This page will show you how to file a provisional patent.  At this point you should be sure that a provisional patent application is right for you.  If you are still unsure about provisional patents, please read all the posts about provisional patents.  how to file a provisional patent

As I mentioned in previous posts, the required parts of a provisional patent application are:

  • A coversheet that lists names of the inventors, their address (city and state only) and details about the application
  • A written description of the invention (this is called the “Specification”)
  • Drawings or figures necessary to show your invention (does not have to be formal or fancy drawings)
  • A payment of the filing fee (currently $125 for most inventors)

Before we begin, we should determine the scope of our invention.  We do this by writing patent claims.

How to file a provisional patent – The Patent claims

Patent claims are the part of a patent which defines the scope of coverage that that patent covers.  For example, you could have a patent which shows 10 different things but the patent may only claim 1 item so that patent only protects that 1 item.  Many people do not file claims in a provisional patent as they are not required.  My personal habit is to include at least one fair claim which fairly defines your invention.  The reason and strategy for that are beyond the scope of this guide and are disputed within the patent community.

What is a “fair claim”?  The easiest way to write a fair claim (at least for me) is to try and define what the unique parts of your invention are and to put them into a list.  For example, if I was trying to protect a new computer keyboard that had round buttons instead of square buttons my claim would be something like this:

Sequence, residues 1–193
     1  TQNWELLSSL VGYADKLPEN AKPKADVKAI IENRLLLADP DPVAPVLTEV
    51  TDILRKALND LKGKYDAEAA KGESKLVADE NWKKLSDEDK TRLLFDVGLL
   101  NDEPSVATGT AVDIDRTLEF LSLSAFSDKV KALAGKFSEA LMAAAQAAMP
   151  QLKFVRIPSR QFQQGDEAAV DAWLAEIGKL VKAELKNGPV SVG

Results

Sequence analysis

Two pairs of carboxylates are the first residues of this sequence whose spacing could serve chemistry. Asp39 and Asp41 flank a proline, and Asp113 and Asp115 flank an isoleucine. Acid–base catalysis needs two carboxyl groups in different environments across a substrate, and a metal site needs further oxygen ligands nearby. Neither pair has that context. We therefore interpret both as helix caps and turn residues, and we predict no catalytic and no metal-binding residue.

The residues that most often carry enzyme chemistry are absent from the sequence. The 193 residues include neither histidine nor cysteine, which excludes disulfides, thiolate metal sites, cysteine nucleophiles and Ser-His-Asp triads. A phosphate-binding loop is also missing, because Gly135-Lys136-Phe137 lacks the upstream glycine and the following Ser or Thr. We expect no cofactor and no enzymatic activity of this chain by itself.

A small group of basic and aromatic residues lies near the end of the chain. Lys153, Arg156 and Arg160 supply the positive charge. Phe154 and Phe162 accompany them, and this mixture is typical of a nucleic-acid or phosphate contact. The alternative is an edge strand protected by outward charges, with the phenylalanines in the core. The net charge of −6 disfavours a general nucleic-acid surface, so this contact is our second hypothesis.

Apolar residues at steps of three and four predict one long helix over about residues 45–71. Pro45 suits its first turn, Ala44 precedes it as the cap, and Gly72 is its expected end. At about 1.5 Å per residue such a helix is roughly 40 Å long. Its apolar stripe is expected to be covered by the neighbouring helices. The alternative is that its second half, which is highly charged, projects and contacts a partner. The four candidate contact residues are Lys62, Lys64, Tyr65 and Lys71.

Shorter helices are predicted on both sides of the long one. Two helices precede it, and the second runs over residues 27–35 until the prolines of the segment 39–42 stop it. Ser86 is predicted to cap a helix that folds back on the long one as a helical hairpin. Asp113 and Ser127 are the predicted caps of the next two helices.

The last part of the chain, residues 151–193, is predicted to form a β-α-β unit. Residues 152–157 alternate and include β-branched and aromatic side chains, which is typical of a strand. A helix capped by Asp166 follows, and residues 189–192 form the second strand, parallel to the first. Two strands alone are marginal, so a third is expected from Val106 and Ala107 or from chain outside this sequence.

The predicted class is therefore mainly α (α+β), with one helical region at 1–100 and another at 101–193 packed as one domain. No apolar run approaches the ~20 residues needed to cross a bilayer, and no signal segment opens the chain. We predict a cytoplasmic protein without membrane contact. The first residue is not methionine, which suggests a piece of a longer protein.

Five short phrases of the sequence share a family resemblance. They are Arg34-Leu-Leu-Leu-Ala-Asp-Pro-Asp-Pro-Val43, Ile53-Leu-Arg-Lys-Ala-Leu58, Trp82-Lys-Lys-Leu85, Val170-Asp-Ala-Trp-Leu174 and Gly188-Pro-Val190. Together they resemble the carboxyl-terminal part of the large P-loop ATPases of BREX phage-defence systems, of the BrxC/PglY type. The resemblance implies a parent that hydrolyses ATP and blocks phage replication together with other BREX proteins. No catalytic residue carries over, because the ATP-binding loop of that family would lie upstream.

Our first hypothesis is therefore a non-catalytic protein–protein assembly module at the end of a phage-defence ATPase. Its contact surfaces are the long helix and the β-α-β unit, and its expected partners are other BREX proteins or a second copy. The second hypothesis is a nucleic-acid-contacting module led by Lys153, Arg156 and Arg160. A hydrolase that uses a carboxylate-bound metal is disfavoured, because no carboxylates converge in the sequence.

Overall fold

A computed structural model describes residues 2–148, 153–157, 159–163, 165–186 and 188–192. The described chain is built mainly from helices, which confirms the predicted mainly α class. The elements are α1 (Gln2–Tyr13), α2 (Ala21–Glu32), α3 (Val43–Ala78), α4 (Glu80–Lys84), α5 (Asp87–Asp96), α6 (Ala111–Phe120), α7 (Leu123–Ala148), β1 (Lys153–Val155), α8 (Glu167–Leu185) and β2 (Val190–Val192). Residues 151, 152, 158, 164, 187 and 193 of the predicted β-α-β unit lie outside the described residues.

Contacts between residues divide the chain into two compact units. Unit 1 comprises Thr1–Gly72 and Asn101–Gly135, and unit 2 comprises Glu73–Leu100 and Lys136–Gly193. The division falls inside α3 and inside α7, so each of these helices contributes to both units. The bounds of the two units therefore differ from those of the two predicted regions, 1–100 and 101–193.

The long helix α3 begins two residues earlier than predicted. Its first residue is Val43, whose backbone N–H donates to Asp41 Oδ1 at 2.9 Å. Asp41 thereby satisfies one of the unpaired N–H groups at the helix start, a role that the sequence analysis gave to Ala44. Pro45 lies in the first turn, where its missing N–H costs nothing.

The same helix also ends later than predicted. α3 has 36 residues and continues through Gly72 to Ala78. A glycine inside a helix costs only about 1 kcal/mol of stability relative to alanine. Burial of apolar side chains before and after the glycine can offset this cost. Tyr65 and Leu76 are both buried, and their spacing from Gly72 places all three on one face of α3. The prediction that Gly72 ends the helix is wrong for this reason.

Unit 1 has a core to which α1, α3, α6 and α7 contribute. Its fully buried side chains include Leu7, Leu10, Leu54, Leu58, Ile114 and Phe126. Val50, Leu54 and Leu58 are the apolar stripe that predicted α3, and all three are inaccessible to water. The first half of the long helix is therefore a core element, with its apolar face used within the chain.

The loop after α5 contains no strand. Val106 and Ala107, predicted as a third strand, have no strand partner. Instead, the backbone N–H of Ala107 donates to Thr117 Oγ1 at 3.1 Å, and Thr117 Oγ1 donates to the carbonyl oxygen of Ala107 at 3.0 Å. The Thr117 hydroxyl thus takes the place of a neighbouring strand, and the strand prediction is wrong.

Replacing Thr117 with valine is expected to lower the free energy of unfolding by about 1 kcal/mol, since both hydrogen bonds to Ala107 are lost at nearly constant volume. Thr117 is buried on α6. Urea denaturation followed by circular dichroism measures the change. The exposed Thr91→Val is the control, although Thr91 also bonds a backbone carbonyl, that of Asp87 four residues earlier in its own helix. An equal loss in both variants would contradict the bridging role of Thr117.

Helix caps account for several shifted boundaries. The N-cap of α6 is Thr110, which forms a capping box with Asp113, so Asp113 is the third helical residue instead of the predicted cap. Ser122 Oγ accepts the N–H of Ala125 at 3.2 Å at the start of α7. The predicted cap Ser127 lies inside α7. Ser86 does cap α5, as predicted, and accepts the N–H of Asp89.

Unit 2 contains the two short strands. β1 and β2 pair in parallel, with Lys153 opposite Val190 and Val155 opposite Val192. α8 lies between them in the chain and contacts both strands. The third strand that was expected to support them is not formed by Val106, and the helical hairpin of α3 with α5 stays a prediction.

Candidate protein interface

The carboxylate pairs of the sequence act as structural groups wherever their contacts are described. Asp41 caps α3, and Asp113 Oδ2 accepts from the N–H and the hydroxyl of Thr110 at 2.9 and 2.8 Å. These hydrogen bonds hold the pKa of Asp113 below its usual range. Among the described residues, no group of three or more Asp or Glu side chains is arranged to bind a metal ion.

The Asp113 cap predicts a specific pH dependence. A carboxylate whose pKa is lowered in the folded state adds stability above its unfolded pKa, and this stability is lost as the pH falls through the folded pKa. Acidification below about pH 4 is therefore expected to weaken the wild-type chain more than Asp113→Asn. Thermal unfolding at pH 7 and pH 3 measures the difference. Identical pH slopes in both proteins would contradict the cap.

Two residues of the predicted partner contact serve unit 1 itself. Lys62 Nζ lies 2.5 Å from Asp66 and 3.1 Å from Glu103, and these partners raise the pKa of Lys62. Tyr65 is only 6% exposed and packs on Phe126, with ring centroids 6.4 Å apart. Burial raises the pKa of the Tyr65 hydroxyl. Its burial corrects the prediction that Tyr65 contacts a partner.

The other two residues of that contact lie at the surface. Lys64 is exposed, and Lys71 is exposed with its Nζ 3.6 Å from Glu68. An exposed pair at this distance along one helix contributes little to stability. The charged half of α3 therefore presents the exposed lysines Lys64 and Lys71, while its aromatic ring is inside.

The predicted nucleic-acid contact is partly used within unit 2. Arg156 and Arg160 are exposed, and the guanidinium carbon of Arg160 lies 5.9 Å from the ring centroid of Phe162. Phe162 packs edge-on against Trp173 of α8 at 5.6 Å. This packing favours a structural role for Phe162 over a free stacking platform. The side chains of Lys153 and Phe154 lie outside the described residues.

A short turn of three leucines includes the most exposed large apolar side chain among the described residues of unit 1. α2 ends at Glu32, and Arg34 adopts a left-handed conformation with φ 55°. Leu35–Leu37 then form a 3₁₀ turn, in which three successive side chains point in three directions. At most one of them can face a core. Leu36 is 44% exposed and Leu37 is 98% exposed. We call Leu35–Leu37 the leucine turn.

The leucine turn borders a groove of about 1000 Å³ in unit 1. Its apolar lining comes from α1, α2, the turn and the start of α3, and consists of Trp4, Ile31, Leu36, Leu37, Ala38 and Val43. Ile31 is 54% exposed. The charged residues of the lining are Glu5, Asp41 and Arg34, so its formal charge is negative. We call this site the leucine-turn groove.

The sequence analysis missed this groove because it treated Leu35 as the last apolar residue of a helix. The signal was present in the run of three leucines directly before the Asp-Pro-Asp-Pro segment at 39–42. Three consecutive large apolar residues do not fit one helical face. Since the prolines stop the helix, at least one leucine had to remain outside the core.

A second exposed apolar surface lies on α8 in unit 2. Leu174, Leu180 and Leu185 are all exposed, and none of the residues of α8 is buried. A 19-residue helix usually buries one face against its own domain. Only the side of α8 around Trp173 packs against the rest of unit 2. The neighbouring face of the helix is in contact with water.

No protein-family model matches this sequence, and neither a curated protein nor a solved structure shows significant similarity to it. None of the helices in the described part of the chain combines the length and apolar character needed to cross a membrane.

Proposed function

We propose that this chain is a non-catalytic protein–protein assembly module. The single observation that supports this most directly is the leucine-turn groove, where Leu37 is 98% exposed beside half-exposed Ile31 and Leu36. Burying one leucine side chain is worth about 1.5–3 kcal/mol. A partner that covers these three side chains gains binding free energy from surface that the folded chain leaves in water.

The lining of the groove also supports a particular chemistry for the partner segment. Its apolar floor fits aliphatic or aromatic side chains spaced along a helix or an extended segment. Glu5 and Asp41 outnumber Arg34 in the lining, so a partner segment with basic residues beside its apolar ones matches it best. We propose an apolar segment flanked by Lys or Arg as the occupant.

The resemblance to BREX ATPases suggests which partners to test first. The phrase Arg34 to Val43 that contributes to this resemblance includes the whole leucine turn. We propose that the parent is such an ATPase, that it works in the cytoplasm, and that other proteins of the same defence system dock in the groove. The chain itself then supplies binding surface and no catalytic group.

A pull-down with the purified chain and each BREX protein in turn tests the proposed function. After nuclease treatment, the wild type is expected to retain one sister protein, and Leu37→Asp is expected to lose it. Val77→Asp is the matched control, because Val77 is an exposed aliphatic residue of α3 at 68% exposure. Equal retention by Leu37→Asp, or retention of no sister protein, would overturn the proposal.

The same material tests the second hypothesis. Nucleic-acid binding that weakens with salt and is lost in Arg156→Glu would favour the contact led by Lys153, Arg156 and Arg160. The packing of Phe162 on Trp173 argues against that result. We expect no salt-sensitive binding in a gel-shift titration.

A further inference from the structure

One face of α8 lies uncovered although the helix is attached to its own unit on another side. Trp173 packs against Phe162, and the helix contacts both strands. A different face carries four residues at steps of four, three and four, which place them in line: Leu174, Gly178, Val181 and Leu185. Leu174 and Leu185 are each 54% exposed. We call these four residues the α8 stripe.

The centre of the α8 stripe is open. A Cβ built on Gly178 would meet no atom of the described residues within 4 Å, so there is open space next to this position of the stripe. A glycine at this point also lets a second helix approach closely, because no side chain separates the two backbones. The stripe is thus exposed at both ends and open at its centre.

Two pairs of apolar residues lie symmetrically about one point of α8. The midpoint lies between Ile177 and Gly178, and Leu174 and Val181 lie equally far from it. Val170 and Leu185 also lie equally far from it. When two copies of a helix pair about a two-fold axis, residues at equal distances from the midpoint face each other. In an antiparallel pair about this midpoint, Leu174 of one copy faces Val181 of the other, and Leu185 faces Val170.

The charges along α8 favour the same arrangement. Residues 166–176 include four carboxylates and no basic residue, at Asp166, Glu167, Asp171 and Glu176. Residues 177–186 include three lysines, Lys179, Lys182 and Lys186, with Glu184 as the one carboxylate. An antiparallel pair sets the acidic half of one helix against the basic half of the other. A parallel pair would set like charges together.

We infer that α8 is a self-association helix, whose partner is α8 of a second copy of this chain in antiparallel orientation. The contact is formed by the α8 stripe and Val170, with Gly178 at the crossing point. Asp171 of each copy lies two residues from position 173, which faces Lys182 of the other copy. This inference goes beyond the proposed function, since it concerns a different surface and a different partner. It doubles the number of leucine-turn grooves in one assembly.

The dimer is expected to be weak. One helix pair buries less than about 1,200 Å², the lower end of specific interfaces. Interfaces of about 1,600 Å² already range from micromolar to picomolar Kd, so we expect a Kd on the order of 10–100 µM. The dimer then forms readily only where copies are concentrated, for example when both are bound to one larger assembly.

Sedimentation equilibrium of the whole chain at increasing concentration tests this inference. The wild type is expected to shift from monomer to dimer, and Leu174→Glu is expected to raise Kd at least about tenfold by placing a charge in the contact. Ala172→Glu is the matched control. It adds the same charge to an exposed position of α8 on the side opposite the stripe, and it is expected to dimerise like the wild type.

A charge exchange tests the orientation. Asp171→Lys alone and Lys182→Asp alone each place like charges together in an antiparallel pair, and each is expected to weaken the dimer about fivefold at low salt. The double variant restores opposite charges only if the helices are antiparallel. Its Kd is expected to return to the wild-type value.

I claim:

  1.  A keyboard for a computer or mobile electronic device which consists of round input keys.

Now that I have my claim written which covers the unique part of my invention.  I want to make sure that I define each of the unique terms in my claim (underlined words above) in the “Detailed Description” section of my patent application.  I want to give a clear definition of each of these terms and provide some examples of each of them.   It would also be wise to include these items in my figures showing an example of what my invention looks like.

How to file a provisional patent – The Figures

The next thing I like to work on is my drawing or figure that best shows what my invention is.  If your invention is a new device, you would draw a clear and simple view of your device showing the unique parts of it.  If your idea is a software process, you would make a flow chart showing the steps the software program must take.  If you decide to later file a non-provisional patent, you will most likely have to hire a patent draftsman to create proper figures for you since the patent office has very strict rules about them.  However, provisional patents do not need formal drawings so you can get by (for now) with creating them yourself.